Jamar Clark's sister says her concern lies with change, justice, not settlement money

Thursday, attorneys announced a tentative agreement is in place for a settlement in the shooting of Jamar Clark by Minneapolis police.

Now, for the first time since the deal was reached, we are hearing from the sister of Clark, Tiffany Roberson, who says the family’s work doesn’t end with a check.

The police officers’ union says the officers’ actions that night were justified and no money should be awarded in Jamar Clark’s case. Roberson says no amount of cash will ever bring her brother back. For her, this fight has always been about justice.

"He cared for people, he loved helping people," said Roberson.

Giving to people in need: that’s how Tiffany Roberson remembers her baby brother, 24-year-old Jamar Clark.

"He was working two jobs and helping my sister who died eight months after he did," she explains. "She lost her lifeline. They took that from her, and they took him from us."

Jamar was shot and killed in 2015 during a struggle with Minneapolis police. The officers were never charged. His family then filed an excessive force lawsuit against the city for violating Jamar’s civil rights.

"Sixty seconds from the time they laid eyes on Jamar, he didn’t have a chance. He didn’t have a chance," Roberson tells us. "Why can’t they see that?"

Thursday, the city offered the family a tentative $200,000 settlement. "When they did, we turned it down and we were prepared to go to trial," Roberson says.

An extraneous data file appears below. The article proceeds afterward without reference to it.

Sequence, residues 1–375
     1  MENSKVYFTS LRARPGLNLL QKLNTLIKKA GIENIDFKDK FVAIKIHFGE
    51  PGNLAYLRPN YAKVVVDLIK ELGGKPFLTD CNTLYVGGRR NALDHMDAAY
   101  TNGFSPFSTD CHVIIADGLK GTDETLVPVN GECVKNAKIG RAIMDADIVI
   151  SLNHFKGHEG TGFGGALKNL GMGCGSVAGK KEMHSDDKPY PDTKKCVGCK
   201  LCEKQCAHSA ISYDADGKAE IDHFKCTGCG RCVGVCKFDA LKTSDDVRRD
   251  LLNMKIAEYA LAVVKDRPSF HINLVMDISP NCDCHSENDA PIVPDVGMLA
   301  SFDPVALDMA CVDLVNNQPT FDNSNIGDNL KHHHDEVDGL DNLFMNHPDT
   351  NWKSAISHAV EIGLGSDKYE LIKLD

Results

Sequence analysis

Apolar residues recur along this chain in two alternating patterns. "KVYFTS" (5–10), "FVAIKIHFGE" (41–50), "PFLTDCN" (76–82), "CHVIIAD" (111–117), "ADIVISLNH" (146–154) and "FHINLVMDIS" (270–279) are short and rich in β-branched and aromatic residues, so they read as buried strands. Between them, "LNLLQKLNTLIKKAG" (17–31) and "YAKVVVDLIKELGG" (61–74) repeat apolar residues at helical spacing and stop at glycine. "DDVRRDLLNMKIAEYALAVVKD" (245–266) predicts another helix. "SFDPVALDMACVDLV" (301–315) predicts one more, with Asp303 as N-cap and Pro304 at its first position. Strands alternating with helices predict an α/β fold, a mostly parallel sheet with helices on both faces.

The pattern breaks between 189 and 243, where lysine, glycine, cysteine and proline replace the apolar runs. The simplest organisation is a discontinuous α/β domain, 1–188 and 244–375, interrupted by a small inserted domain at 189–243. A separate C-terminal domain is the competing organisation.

Yet, a lawyer on Jamar’s case says his adopted father and trustee is expected to take the offer. "Pretty devastated about that," Roberson tells us.

"It was the hand that was dealt them by Jamar Clark," says former BCA agent Mike Wold. "By no one else, by him."

Mike Wold says the shooting could have been avoided if Clark had listened to officers. "Hands out of your pocket, put ‘em up on your head, put your hands on the car. Any one of those things Jamar Clark is alive today. Philando Castile, same thing. The Damond case, that was a travesty. And I just think that’s a young guy that maybe probably shouldn't have been on the force."

Wold also calls Jamar’s shooting death “a justified homicide.” "The family should be happy that they got something. Jamar did a lot of things wrong in his life and he could’ve changed it."

But money isn’t what Jamar’s sister says she’s after. "They haven’t given us much hope at all for change and ultimately with all of this that’s what we want to see with all of this, not a dollar amount, not an excuse, we want to see change."

That’s why, when the city council moves to vote on the proposed deal, Roberson hopes they consider equality and what she calls “the right thing.”

“That would be to not move forward with this because it’s humiliating. Hu-mi-liating,” she says.

Remember, when the city offered the family a five-figure settlement, council members voted against it, indicating the amount was too low. Roberson says the council could vote on the proposed settlement by the end of the month.